Implement Open Educational Resources

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The global movement of utilizing Open Educational Resources (OER) to enhance or build course content is rapidly growing amongst educators (Hilton, Wiley, Stein, & Johnson, 2010). Faculty are using OER to provide access to educational materials at little to no cost, allowing for up-to-date, relevant and accessible content to students.

Hylén (2006) defines OER as “digitized materials offered freely and openly for educators, students and self-learners to use and reuse for teaching, learning and research.” This idea suggests that the OER face little to no restrictions when sharing teaching and learning materials under an open license. Open permissions and licensing within OER enable educators to adapt and repurpose the content to make it relevant to need and context. (Miao, Mishra, & McGreal, 2016). Thereby creating an option beyond writing content from scratch and linking faculty with more dynamic, collaborative content.

For faculty, the practice of utilizing OER saves significant time in the individual design, development and writing of content for courses. For students, OER such as open textbooks are preferred as they face little to no out of pocket expense for required textbooks. As the cost for textbooks continue to rise, the benefits for both educators and students come to be more obvious (Miao et al., 2016).

OER may be obtained from a number of online collections or repositories including OER Commons, a site offering users a connection to share universally with other educators. Also, academic librarians are often supportive in ascertaining OERs, making OERs more accessible and discoverable.

Some things to consider when using OER:

  • Understand use and limitations and permissions of use
  • Ensure resources are current
  • Credentials of author
  • Quality of content
  • Accessible to all users (cultural, language, ADA)

Link to example artifact(s)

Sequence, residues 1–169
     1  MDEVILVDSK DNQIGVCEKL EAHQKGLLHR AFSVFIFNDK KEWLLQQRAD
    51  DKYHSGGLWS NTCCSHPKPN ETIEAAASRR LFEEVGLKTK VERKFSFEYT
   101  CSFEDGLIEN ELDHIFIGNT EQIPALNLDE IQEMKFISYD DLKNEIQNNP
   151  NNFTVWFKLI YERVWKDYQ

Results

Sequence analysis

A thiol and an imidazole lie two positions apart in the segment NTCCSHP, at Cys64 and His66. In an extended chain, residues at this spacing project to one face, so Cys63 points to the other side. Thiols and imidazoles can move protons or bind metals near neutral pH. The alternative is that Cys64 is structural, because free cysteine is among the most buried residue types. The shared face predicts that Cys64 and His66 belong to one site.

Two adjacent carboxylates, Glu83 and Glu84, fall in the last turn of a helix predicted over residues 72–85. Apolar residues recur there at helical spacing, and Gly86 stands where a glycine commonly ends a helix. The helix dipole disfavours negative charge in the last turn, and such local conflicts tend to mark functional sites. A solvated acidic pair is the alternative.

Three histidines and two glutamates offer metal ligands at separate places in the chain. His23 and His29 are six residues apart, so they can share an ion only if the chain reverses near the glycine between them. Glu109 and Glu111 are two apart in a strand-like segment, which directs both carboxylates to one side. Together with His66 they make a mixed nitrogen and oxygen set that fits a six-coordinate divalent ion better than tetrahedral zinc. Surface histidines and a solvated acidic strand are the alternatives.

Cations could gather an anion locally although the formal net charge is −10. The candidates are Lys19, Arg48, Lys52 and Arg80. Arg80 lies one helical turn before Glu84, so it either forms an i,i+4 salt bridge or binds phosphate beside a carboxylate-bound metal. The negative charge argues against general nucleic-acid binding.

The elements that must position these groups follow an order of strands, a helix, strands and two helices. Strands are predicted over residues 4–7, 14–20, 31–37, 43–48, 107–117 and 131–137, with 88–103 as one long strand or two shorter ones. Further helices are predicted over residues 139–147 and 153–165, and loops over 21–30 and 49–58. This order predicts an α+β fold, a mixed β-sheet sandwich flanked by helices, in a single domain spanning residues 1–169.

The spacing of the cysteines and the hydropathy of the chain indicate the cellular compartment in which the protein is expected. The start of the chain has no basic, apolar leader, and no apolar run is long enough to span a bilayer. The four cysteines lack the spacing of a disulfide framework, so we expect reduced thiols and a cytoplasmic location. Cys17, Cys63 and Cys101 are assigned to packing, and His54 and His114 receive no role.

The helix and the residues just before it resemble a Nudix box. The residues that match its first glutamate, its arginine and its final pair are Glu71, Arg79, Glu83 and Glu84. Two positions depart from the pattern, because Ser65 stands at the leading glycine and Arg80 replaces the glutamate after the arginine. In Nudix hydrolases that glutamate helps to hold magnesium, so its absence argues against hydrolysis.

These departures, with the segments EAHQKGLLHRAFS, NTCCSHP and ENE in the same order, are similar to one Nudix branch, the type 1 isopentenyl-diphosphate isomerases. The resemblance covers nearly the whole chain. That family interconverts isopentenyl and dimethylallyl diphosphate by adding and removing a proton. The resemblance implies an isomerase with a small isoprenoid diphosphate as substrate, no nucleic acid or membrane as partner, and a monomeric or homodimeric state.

• Instructor: Dr. Deanna Sellnow
  • Course Title: COM1000 – Introduction to Communication

In this online course, OER were integrated into module content. The required course textbook did not meet the content standards she desired for this particular topic. The faculty member sought new options within OER. An online book licensed under Creative Commons was found containing a chapter substantially updated with up-to-date ideas and practices. Under the license of Creative Commons, the content was able to be shared freely as long as credit was given to the author.

  • Instructor: Dr. Steve Collins
  • Course Title: MMC3200 – Mass Communication Law

As a faculty member, writing the content for the course may be time consuming enough without considering the design elements of a course such as visual aids, illustrations and images. The faculty member was in search of OER to meet the needs of making the course visually engaging to students. Images relating to the content, including infographics, icons and political cartoons were obtained under Creative Commons and used within the course.

Links to external resources

Link to scholarly reference(s)

Hilton III, J., Wiley, D., Stein, J., & Johnson, A. (2010). The four ‘R’s of openness and ALMS analysis: frameworks for open educational resources. Open Learning, 25(1), 37-44.

Hylén, J. (2006). Open educational resources: Opportunities and challenges. Proceedings of Open Education, 49-63.

Miao, F., Mishra, S., & McGreal, R. (2016). Open educational resources: policy, costs, transformation. UNESCO Publishing.


Salter, A. (2016). Implement open educational resources. In B. Chen & K. Thompson (Eds.), Teaching Online Pedagogical Repository. Orlando, FL: University of Central Florida Center for Distributed Learning.

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